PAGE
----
If you call for an inspection, your landlord cannot legally retaliate toward you. Learn more about your rights as a tenant.
Lead in Drinking Water and Soil
Lead can enter drinking water when plumbing materials that contain lead corrode, especially where the water has high acidity or low mineral content that dissolves or wears away pipes and fixtures. In homes with lead pipes that connect the home to the water main, also known as lead service lines, these pipes are typically the most significant source of lead in the water. Lead pipes are more likely to be found in homes built before 1986.
You cannot see, taste, or smell lead in drinking water. The best way to know you are at risk of exposure to lead in drinking water is to identify the potential sources of lead in your service line and household plumbing.
Ensure your drinking water is lead safe
- Have your water tested. Contact your water utility to have your water tested and to learn more about the lead levels in your drinking water. You can call Buffalo Water at (716) 847-1065 to request a lead test which is available to all residents. If a high lead level is found, you will be provided with a water filter.
- Run your water. Before drinking, flush your home’s pipes by running the tap, taking a shower, doing laundry, or doing a load of dishes. In many older homes, where the presence of lead in service lines and plumbing fixtures is presumed, Buffalo Water encourages customers to allow tap water to flow for 30 seconds to 2 minutes (or until you feel a change in temperature) before using, to minimize any contaminant exposure.
- Learn about construction in your neighborhood. Be aware of any construction or maintenance work that could disturb your lead service line. Construction may cause more lead to be released from a lead service line.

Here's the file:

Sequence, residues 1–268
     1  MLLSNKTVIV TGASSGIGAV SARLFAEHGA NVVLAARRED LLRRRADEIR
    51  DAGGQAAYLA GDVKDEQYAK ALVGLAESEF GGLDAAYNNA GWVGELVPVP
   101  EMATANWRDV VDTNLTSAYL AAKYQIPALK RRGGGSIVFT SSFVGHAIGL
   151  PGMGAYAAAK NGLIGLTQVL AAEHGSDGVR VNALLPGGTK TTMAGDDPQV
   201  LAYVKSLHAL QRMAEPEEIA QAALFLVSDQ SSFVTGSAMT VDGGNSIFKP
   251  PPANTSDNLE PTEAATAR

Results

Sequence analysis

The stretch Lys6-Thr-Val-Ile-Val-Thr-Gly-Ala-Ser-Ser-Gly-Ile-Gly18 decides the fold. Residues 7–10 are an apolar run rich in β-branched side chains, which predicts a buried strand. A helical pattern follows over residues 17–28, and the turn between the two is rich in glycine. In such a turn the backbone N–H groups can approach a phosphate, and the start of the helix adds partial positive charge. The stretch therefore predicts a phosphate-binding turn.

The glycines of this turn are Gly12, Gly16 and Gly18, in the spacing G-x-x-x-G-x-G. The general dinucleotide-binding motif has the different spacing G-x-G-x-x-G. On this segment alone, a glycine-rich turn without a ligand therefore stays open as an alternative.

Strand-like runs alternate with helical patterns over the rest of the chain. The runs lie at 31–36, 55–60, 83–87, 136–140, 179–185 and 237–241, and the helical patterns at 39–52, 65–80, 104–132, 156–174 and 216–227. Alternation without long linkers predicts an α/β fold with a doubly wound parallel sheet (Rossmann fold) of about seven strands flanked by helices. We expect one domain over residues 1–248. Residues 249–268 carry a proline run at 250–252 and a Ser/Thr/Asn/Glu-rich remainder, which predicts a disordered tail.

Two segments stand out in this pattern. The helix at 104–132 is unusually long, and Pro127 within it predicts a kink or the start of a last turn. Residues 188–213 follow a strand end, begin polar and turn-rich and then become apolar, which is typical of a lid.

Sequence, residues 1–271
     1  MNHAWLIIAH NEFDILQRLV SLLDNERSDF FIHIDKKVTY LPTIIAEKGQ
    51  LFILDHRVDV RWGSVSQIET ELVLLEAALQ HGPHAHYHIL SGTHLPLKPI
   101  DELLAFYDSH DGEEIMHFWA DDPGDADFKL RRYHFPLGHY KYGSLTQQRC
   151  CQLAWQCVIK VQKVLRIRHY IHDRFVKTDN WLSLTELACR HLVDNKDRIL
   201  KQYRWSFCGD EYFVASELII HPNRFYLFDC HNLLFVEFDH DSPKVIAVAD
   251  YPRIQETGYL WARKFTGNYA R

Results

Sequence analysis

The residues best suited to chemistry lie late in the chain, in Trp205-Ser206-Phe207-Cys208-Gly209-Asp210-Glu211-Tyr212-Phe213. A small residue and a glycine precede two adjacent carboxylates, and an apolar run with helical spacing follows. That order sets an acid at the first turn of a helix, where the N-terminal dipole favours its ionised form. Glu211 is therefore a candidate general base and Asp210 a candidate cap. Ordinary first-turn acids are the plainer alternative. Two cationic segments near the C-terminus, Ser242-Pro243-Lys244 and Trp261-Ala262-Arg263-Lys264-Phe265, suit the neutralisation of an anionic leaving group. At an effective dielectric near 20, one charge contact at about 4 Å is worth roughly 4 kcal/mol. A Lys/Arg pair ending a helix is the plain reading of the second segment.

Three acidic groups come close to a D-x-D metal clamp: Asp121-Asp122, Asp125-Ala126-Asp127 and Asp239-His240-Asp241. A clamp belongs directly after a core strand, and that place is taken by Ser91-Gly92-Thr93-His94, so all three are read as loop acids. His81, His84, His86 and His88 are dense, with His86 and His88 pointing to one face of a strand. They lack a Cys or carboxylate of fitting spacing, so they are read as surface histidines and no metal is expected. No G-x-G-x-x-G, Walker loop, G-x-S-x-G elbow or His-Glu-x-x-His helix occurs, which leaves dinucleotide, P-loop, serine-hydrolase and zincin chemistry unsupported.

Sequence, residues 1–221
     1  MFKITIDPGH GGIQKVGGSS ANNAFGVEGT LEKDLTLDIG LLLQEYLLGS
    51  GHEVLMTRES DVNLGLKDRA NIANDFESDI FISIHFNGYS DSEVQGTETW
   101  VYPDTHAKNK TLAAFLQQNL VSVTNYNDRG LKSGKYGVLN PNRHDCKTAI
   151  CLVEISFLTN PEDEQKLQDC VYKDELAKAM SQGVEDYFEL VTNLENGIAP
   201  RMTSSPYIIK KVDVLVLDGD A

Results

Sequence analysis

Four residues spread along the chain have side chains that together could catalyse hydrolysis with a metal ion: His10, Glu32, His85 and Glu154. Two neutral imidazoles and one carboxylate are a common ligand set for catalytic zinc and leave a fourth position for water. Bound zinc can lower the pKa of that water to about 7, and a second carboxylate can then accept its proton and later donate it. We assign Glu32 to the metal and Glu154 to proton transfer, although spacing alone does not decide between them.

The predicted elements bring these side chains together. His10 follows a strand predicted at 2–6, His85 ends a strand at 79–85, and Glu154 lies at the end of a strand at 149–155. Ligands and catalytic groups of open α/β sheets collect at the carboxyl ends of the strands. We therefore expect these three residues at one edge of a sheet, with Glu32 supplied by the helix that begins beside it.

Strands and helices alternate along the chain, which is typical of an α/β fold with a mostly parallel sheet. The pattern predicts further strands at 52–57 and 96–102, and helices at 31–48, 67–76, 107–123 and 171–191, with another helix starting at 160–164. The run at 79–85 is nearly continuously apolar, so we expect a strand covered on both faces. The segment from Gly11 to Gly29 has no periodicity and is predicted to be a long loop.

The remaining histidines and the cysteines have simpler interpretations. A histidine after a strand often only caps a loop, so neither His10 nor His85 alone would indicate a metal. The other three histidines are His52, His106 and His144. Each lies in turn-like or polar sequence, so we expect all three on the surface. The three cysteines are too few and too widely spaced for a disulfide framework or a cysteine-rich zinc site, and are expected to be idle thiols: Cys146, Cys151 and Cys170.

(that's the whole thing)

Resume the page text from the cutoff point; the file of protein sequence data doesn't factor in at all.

- Use cold water. Use only cold water for drinking, cooking, and making baby formula. Remember, boiling water does not remove lead from water.
- Clean your aerator. Regularly clean your faucet’s screen (also known as an aerator). Sediment, debris, and lead particles can collect in your aerator. If lead particles are caught in the aerator, lead can get into your water.
- Use your filter properly. If you use a filter, make sure you use a filter certified to remove lead. Read the directions to learn how to properly install and use your cartridge and when to replace it. Using the cartridge after it has expired can make it less effective at removing lead. Do not run hot water through the filter.
- Learn more.
Ensure Your Soil is Lead Safe
Lead hazards can also be found in soil. Exposure can occur when children play in contaminated soil or when residents garden in the ground. Some properties may have been in or are currently near industrial sites which are contaminated by toxins. If you would like to have your soil tested, contact Joe Kurtz at email@example.com or Jackie James at Citizen Science Community Resources at firstname.lastname@example.org.
Get Your Child Screened For Blood Lead Levels and Potential Developmental Delays
While parents and healthcare providers can take steps to protect children from lead exposure, the only way to know if a child has an elevated blood lead level is to do a blood lead test. Most children with lead poisoning do not show any immediate signs or symptoms and will look and act healthy, even though they can develop serious problems (such as learning disabilities) in the future.